Sculpture of Ancient Egypt
EGYPTIAN ART: CHRONOLOGY
ART OF ISLAM
WORLD'S BEST SCULPTORS
DIFFERENT FORMS OF ARTS
Ancient Egyptian sculpture was closely associated with Egyptian architecture and mostly concerned the temple and the funeral tomb. The temple was built as if it were the tomb or eternal resting-place of a divinity whose statue was hidden within a succession of closed halls, opened to view only for a short time, when the sun or moon or particular star reached a point on the horizon from which their rays shone directly upon the innermost shrine. These divine statues were consulted as oracles, and were seldom of an imposing size. Sculptors were also employed for wall-reliefs, the capitals of columns, colossal figures guarding the pylons, and for long avenues of sphinxes. The mural illustrations on the temple walls typically depict the piety of the Pharaohs as well as their foreign conquests.
Egyptian tombs required the most extensive use of sculpture. In these vaults were placed portrait statues of the deceased King or Queen. In addition, this type of prehistoric sculpture included statues of public functionaries, and scribes, and the groups portraying a man and his wife. The walls of the earlier Egyptian tombs resemble, in effect, an illustrated book of the manners and customs of the population. Illustrative scenes feature activities like hunting, fishing, and agricultural settings; artistic and commercial pursuits, such as the making of statues, or glass, or metal-ware, or the construction of pyramids; women performing domestic chores, or wailing for the dead; boys engaged in sports. Such reliefs reveal a confident belief in the future as a kind of untroubled extension of the present life. During later periods of Egyptian art, beginning with the tombs of the New Empire, gods appear more prominently in scenes of judgment; indicating less certainty about the happiness of the future state.
For more about tomb building and other architectural designs in Ancient Egypt, see: Early Egyptian Architecture (large pyramid tombs); Egyptian Middle Kingdom Architecture (small pyramids); Egyptian New Kingdom Architecture (temples); Late Egyptian Architecture (variety of buildings).
The sculptor's art also portrayed the minor objects of domestic and daily use; including household furniture with its opulent divans, tables and chests, and all forms of metalwork and jewellery. Items like toilet boxes, mirrors, and spoons were depicted by forms derived from the floral, animal, or human world. Sacred plants, notably the lotus, were the naturalistic basis for a large and varied class of forms which went on to influence the decorative art of the entire ancient world.
In the valley of the Nile grew the sacred acacia and the sycamore, which provided the sculptor with material for statues and sarcophagi, for thrones and other items of industrial art. The hillsides on both banks of the Nile, as far south as Edfou, provided a coarse nummulitic limestone, and beyond Edfou there were extensive quarries of sandstone, both materials being used for sculptural as well as for architectural purposes. Close to the first cataract one can still see the quarries of red granite used not only for obelisks, but also for huge statues, sphinxes, and sarcophagi. Alabaster was quarried at the ancient town of Alabastron, near the modern village of Assiout. From the mountains of the Arabian desert and the Sinai peninsula came the basalt and diorite employed by the early sculptors, the red porphyry prized especially by the Greeks and Romans, and copper. Even the mud from the river Nile was moulded and baked, and covered with coloured glazes, from the earliest dynasties of Egyptian history. During the same early period we find the Egyptian sculptor handling with great dexterity numerous imported materials, like ebony, ivory, iron, gold and silver. Ivory carving, for instance, was widely practised, and was used in chryselephantine sculpture, for major works.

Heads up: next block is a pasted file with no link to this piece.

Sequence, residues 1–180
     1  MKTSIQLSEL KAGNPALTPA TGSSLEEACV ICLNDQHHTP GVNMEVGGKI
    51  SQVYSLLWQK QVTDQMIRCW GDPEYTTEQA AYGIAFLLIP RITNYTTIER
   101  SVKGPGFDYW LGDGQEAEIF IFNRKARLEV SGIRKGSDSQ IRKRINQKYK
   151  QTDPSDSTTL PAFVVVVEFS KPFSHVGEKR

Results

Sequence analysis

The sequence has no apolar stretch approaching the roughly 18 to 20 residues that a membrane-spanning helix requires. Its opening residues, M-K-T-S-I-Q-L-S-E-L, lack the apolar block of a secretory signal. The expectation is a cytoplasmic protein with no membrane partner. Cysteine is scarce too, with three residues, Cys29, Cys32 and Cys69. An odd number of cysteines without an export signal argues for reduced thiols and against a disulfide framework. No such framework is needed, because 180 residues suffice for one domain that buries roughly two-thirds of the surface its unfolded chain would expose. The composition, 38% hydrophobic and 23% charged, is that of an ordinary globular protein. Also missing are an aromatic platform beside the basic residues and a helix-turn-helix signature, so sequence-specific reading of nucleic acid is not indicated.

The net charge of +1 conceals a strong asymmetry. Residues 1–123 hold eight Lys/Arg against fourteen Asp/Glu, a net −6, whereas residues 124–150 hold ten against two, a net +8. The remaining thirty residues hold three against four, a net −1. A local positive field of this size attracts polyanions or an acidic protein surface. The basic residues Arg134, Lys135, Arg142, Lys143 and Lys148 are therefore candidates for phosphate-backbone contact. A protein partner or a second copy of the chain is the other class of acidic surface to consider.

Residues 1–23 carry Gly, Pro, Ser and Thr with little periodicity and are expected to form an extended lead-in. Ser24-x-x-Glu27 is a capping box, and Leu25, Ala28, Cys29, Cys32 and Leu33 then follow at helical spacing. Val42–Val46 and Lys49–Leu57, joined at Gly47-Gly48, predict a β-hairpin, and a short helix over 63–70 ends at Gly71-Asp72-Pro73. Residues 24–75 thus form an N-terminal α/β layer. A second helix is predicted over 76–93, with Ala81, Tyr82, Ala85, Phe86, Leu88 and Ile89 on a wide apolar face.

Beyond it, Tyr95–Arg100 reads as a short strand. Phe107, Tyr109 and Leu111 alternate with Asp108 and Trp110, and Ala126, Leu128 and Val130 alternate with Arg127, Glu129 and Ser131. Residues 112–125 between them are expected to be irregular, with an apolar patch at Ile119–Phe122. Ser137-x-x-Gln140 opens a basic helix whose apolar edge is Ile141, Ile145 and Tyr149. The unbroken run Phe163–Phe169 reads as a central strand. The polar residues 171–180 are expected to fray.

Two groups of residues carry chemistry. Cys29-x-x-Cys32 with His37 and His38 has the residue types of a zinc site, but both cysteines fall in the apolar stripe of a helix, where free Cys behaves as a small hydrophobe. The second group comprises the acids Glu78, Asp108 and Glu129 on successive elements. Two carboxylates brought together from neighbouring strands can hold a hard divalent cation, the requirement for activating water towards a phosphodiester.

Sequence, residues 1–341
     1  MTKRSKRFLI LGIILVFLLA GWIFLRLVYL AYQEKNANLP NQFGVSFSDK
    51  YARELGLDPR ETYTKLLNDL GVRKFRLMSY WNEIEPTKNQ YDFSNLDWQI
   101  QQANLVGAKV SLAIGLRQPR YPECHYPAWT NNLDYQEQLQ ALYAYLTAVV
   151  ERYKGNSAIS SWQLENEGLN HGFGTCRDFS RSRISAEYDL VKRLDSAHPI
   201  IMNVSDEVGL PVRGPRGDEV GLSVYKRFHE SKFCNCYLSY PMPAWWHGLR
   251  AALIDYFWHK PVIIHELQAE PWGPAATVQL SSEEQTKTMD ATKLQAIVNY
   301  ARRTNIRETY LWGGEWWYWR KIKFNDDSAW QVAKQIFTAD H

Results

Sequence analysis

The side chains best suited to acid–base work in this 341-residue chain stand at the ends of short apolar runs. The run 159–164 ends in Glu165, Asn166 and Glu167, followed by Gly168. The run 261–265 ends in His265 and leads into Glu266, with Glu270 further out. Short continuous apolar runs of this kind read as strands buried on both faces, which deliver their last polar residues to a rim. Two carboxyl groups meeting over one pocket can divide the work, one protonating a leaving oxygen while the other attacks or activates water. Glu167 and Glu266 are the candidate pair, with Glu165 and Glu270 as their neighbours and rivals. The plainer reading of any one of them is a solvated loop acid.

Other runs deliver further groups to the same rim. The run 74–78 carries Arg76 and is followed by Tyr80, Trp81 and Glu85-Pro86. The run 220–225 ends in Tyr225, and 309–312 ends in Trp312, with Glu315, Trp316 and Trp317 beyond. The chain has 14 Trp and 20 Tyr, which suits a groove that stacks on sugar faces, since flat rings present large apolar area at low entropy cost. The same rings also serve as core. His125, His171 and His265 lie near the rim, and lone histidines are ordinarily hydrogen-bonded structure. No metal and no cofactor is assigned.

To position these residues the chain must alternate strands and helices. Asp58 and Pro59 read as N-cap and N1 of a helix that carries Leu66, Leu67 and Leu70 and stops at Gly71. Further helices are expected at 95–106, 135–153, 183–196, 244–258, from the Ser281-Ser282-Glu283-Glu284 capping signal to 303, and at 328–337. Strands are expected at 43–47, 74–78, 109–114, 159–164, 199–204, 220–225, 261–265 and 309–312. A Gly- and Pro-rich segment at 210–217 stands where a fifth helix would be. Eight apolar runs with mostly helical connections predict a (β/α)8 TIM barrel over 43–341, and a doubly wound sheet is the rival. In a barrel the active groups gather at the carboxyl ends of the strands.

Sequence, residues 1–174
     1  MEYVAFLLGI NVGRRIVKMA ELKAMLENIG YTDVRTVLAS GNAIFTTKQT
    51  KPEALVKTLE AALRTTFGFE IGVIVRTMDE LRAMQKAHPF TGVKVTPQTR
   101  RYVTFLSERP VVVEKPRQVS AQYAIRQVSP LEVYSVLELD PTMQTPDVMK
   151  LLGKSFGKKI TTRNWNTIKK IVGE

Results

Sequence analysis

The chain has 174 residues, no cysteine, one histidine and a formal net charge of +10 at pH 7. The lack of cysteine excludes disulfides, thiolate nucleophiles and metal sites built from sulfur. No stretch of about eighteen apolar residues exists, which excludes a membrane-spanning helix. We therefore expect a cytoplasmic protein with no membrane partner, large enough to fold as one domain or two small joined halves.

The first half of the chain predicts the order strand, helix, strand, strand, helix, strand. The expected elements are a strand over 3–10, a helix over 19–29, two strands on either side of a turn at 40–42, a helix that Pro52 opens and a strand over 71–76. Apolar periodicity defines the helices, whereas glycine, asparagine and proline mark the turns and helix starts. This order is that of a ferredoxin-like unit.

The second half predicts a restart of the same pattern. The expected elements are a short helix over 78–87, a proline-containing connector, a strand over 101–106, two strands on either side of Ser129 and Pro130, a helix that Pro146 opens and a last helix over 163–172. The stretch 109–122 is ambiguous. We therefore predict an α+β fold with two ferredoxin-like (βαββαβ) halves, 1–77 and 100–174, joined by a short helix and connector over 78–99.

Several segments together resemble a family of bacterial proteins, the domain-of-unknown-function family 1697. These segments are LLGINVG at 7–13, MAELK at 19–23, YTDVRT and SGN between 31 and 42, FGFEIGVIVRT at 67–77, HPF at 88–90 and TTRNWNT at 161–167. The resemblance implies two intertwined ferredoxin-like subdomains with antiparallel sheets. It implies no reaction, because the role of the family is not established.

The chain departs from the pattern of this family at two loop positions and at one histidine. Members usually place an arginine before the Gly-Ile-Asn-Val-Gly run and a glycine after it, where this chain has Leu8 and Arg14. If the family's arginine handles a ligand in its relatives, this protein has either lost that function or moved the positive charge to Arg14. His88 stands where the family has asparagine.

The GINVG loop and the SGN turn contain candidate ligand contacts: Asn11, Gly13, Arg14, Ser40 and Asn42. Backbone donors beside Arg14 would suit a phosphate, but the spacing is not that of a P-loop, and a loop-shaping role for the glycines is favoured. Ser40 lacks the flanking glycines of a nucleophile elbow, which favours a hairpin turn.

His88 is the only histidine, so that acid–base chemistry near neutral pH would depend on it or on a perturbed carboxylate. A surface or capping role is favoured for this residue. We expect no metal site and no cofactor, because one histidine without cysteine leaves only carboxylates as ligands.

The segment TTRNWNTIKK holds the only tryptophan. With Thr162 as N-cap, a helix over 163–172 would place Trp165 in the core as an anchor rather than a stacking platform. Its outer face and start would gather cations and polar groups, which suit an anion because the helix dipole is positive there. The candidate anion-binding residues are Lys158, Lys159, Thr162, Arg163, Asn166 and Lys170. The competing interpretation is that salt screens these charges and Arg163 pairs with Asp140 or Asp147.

When Egyptian sculptors wanted to add extra permanence to their sculptures, as, for example, to the statues and sarcophagi of their Pharaoh kings, they used the hardest materials, like basalt, diorite, granite. This hard stone they manipulated with no less skill than they did wood-and ivory and softer stones.
The fine details were probably applied with flint instruments. Other implements, made from hardened bronze or iron, were the saw with jewelled teeth, tubular drills of various types, the pointer, and chisel. Statues of hard stone were meticulously polished with crushed sandstone and emery; softer stonework was typically covered with stucco and painted, the pigment being applied in an arbitrary or conventional manner.
Egyptian artists were producing a wide variety of small figures in clay, bone, and ivory, well before the emergence of a formal style of sculpture at the time of the unification of the Two Lands of Egypt. A few, fragile figurines have been found in prehistoric graves. The tradition of making such objects survived right down to the New Kingdom. Bone and ivory were used to make stylized female figures of elaborate workmanship between 4,000 and 3,000 BCE. Clay, which was easier to shape, was molded into representations of many species of animals, easy to identify because their characteristics have been captured by acute observation. See also: Mesopotamian Sculpture (c.3000-500 BCE).
By c.3,000 BCE, ivory statuettes were being carved in a more naturalistic style, and many fragments have survived. One of the finest and most complete was found at Abydos, representing an unknown king, depicted in ceremonial costume (British Museum, London). He is wearing the tall White Crown of Upper Egypt and a short cloak patterned with lozenges. He strides confidently forward in the pose used for all male standing statues in Dynastic times, left foot in front of right. The quality of the carving is shown in the way in which the robe is wrapped tightly across the rounded shoulders, and the head is thrust forward with determination and strength of purpose.
From this period, just preceding the 1st Dynasty, there is evidence that sculptors were making great advances, and were using wood, and stone of various kinds. This development continued through the Archaic Period, when the first larger types of royal statue were made. Work in metal also made progress; miniature copper statuettes and gold amulets have been found in tombs, while an inscription of the 2nd Dynasty records the making of a royal statue in copper.